March 9th, 2018—How is it decided which teaching practices fall into the category of accepted (orthodoxy) and which instructional moves are considered beyond the norm of approved beliefs (heresy)?  How does it come to pass that certain approaches to teaching are considered orthodoxy and receive the wax-imprint of official approval while other strategies are labeled heresy and can result in excommunication from a teaching community?  How might educators decode which aspects of instructional authenticity and integrity—hallmarks of the inner life—may conflict with external standards, protocols, and measures of teaching success?  What does it mean for a teacher to walk the line between instructional orthodoxy and heresy in a way that is attentive to both professional standards and personal identity and integrity?

Let’s begin with a definition of terms.  Orthodoxy means right beliefs and heresy in its broadest form is anything counter to orthodoxy and often translated as other teaching.  What is interesting about this distinction is that heresy does not mean wrong or incorrect beliefs but rather different from the accepted canons or in the case of education different from the sanctioned beliefs about teaching.  Of course many acts of teaching are wrong, for instance mean-spirited discipline or teaching that disregards the impact of culture or language on learning.  These pedagogical moves are wrong because they harm, deny, or diminish the humanity of the learner.  But I think the educational establishment does a disservice to teaching when it confuses wrong or harmful actions with orthodoxy in the sense that orthodoxy is a set of beliefs or values established by an external body or authority.  We need to be careful, as professionals, to separate different teaching (heresy) from harmful.

Perhaps the terms orthodoxy and heresy seem out of place when applied to teaching since they are historically associated with communities of faith.  But in antiquity, philosophy and theology were nearly indistinguishable and teaching was the primary profession for conveying truth and knowledge to students, converts, and community members.  I find the language of orthodoxy and heresy helpful in that it offers a new way to think about the conflicts that sometimes arise between the inner-call to serve learners and the external requirements of governing and accrediting authorities by decentering the typical language of teaching (competencies and indicators).  It also seems that orthodoxy captures the ways that particular teaching beliefs and practices become entrenched-normalized as well as describing the emotional and physical consequences for educators who are considered instructional heretics when they resist or call into question the established orthodoxy.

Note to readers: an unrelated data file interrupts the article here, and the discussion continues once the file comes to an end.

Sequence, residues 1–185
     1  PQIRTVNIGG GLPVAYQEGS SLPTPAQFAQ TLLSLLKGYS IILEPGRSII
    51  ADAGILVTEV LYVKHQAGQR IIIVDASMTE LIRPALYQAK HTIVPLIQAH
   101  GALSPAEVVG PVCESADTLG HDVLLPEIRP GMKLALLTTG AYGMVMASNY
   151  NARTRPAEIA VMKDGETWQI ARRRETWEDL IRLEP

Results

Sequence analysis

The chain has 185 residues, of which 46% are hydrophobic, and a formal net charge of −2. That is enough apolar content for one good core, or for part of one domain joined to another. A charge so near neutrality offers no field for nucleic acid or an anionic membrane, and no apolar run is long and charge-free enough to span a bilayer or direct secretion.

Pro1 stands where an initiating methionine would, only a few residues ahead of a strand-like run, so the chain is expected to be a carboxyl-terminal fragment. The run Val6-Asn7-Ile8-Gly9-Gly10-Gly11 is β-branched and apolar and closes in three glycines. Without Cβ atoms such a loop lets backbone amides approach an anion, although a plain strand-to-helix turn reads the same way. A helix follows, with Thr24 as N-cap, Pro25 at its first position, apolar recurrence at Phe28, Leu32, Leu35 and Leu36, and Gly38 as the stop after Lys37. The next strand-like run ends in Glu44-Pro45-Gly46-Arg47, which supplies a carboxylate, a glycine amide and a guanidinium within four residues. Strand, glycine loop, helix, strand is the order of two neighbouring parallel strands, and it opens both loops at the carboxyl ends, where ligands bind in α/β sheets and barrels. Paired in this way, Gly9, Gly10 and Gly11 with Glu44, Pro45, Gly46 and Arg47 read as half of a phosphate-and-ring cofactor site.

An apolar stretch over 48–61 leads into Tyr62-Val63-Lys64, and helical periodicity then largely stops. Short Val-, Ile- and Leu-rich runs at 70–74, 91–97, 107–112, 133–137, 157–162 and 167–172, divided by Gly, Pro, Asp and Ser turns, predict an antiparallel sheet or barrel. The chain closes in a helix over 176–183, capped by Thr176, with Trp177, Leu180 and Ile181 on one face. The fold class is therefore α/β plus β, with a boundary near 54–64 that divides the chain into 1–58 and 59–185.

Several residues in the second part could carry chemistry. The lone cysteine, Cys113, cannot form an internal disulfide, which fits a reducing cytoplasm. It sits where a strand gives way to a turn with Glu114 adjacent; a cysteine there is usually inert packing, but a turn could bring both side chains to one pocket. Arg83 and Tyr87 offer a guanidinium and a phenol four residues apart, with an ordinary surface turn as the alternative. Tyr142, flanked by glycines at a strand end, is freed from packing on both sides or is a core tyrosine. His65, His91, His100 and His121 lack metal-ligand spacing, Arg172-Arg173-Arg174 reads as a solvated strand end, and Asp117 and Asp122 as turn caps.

The power of orthodoxy is directly proportional to the power of the external authority promoting correct beliefs.  Power rightly applied can be a productive force for change but power wrongly applied can stifle innovation and change.  The language of orthodoxy and heresy speaks to the influence of institutional power on a teacher’s sense of self-worth and instructional effectiveness.  For instance, the high rate of teacher attrition can, in part, be tied to school cultures and leadership that directly and indirectly conform teachers to a narrow set of instructional moves and beliefs.  Teachers who feel discredited or undervalued are more likely to leave than teachers who are valued for the instructional gifts they bring to the classroom.

As a profession we would do well, it seems, to encourage more instructional heretics in the sense of encouraging teachers who have well-reasoned positions counter to the orthodoxy to speak their truth. Educators know that effective teachers understand that students approach learning in a variety of approaches and that viewing the classroom as an instructional monoculture is problematic and less effective.  If diversity and cultural responsiveness is good for learners, it makes sense that the same logic should be applied to teaching; the greater the diversity of teaching perspectives the more prepared a community of educators will be able to respond to unique educational challenges.  And one way to encourage diversity is to create spaces and opportunities for the inner-life of the teacher to flourish; that aspect of the teaching self that is unique and particular to each teacher.

The physicist Neils Bohr who had a significant influence on the development of quantum physics once observed: “The opposite of a fact is falsehood, but the opposite of one profound truth may very well be another profound truth.”  Bohr is pointing to a self-evident truth about the known world.  Paradox or the simultaneous existence of two opposing forces or perspectives is more common than typically understood.  In education several examples come to mind: student/teacher, freedom/structure, or subject/object.  I would like to propose that orthodoxy and heresy are more like Bohr’s understanding of two opposing profound truths than his description of fact and falsehood where one is right and the other is wrong.  Good teaching is not about uncritically following the established beliefs of the profession but rather good teaching is a combination of the outer-norms of the profession (best practices) and the inner-life of the teacher (deep practices) premised on the wisdom of the call to teach.

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